Lunch at The Bull

I have blogged before about this dining pub in Dorset, a real gem, hidden away in the countryside. A return visit confirmed what I felt about the place before: that it is an excellent pub with food....

The day did not begin well: intent on an early morning walk on the beach to work up an appetite for lunch, I left the house and went to the car, only to be confronted by a huge, freshly-laid dog turd. Making a mental note to instruct father-in-law to clear it up ASAP, I got in the car, turned the key  - and nothing. Nada. Niente. The alarm chirrupped, the lights came on and off, but the engine: dead. This is the peril of having a very sophisticated all-singing all-dancing car with a multitude of electronic gizmos and gadgets. It has happened to me once before, and not that long ago, at the Eurotunnel terminal in Calais on my way back from France at Christmas. It was embarrassing to be stranded, not least because I was queueing in the priority boarding lane. A Basil Fawlty-ish scenario ensued, before a French AA man appeared and sorted it all out. Once again, the AA had to be summoned, and it turned out to be a flat battery, caused by one of the interior lights being left on. Simples!

The beach walk was abandoned, owing to lack of time, so I spent the morning reading the paper, something I rarely do. Then, at 12.30, we went off to the pub. Wimborne St Giles is a tiny village in the depths of Dorset countryside. There are fords to be forded the twisting muddy lanes were awash with Rangerovers and hunt followers. The pub was not busy, a few families out for Saturday lunch. We were welcomed by two smiling girls at the bar who were quick to fulfill our drinks order and see us to our table by the window with freshly-printed menus.

For a starter, I selected the Lymington crab which came with a piquant fresh chilli dressing and some pleasantly bitter salad leaves, offset by sweet-sharp pieces of pink grapefruit. The crab was delicious, redolent of the sea from which it had so recently emerged. Other starters were pearl barley, cabbage and ricotta soup (a little too healthy for my liking!) and San Danielle ham with rocket, romesco sauce and a soft-boiled egg. All the food was pronounced "delicious".

Lymington crab
My main course was Hanger steak (presumably from a local farm). I am as fussy about steak as I am about Beethoven's Opus 110 Piano Sonata: it has to be right. I rarely select steak off a menu at home, though I am happy to have it in France because the French know how to cook it (i.e. wave it at a flame) The Hanger steak was served medium rare, with a handful of peppery rocket and a generous serving of upmarket chips, topped off with a fried egg, whose bright yellow yolk was just cooked. The creamed horseradish was the perfect accompaniment, and the whole ensemble was very tasty. Nothing fancy, just good honest food.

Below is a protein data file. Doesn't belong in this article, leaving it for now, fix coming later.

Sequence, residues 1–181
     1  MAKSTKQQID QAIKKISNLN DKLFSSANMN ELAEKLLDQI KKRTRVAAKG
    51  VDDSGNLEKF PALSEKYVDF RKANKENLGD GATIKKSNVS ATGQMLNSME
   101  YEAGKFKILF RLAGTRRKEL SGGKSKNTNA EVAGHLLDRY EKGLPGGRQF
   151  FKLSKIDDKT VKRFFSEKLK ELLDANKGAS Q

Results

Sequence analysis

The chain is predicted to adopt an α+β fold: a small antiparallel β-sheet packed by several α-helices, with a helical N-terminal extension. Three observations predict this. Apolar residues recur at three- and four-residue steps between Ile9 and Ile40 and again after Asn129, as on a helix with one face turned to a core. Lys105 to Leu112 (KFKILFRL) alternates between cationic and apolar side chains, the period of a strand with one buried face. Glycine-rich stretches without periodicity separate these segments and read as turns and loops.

Hanger steak & chips
I should pause here to discuss portion size: too often when one eats at a gastro or dining pub, the main course (usually something like saddle of lamb or pork belly with crispy crackling) is so huge that one does not have enough room for a pudding, but one still valiantly forces down the chocolate fondant or sticky toffee pudding, only to emerge from the establishment reeling with over-indulgence. At The Bull, the portions are just right: thus, when offered the pudding menu, we were more than happy to add another course. Two of the party had the moist chocolate brownie with chocolate ice-cream and a brandy snap (which included an explanation to my son that, sadly for him, it did not contain any brandy!). Another had the light and spongey Greek yoghurt cake, and I had the meringues with coffee mascarpone cream and chocolate sauce, a really delicious combination of crunchy meringues and a smooth, creamy filling.

Meringues with coffee mascarpone cream and chocolate sauce
Afterwards, we wended our way back along the muddy lanes, pulling over intermittently to give way to sweaty horses returning from a morning's hunting, and road-hogging Rangerovers full of smug-looking people in "country-wear".

The Bull is definitely worth a visit if you are in that neck of the woods. It has rooms too, so you can stay the night and enjoy more than one delicious, beautifully presented meal! The atmosphere in the pub is improved by the pleasant Farrow & Ball/India Jane decor, and the welcome lack of background music. The sister pub, The Anchor at Shapwick (near to Kingston Lacey House) is also worth a visit: the fish and chips were particularly memorable.

The Bull Inn


  1. Yum, yum Fran. I would definitely have chosen the same dishes..and the meringues look divine! I must try those at home...


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